St. Louis County Library and St. Louis Public Library announced this week they will no longer be charging patrons “nickel-and-dime” overdue fees.

Library directors cited research showing late fees deter the public from returning books and using the library altogether.

The type of policy has become a growing trend nationwide although the Washington Public Library and Scenic Regional Library System stopped charging for overdue books over 10 years ago.

Steve Campbell, director of Scenic Regional Library, said his library branches have not charged overdue fines since 2007.

“It’s a good policy to have in place,” he said.

Campbell noted that when he first joined the Scenic Regional Library system in 2012, he was amazed the library did not penalize late returns. But he soon saw the reason why.

“The interactions with the public are so much more positive,” he remarked. “Customer interactions are no longer about ‘you owe us this much money.’ ”

Campbell also pointed to the research behind the policy.

“The research shows people don’t return books when they have fines,” he said, adding customers are more willing to use the library again if they are not being charged small overdue fees.

The libraries in the St. Louis area said overdue fees are difficult to collect, and an obstacle for the financially insecure.

In addition, overdue fees result in little monetary gain.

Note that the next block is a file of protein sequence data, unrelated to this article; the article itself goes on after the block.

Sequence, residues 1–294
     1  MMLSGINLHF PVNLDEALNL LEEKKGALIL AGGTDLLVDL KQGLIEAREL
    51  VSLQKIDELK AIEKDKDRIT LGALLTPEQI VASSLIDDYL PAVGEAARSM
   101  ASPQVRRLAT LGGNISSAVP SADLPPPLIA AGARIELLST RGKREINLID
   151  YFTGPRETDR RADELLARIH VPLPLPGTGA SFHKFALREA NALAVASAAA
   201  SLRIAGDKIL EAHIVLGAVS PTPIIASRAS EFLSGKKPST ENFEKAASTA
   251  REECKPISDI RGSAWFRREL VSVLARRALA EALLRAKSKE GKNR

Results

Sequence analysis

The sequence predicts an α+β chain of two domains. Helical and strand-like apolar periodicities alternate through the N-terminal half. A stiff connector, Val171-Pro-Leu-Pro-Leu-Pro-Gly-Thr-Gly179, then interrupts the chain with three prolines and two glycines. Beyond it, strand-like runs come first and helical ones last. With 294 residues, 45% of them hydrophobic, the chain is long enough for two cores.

“Fines make up less than 1 percent of our revenue,” Campbell said.

The Washington Public Library ended its policy of overdue fees when it began partnering with Scenic Regional about 10 years ago.

“We do charge for damage and lost property,” said Nelson Appell.

However, customers cannot keep books indefinitely.

Scenic Regional Library and the Washington Public Library, like libraries without late fees, charge customers if an item is lost. The libraries also will deny services to patrons who fail to pay for lost or damaged materials.

“After six weeks, the customer is billed for the cost of the book,” noted Campbell. “There are no more 5-cent-a-day charges, though.”

Kansas City Public Libraries announced last summer they were discontinuing their late fee policies, and the practice continues to grow.

Campbell was proud to know Scenic Regional and Washington are years ahead of the movement.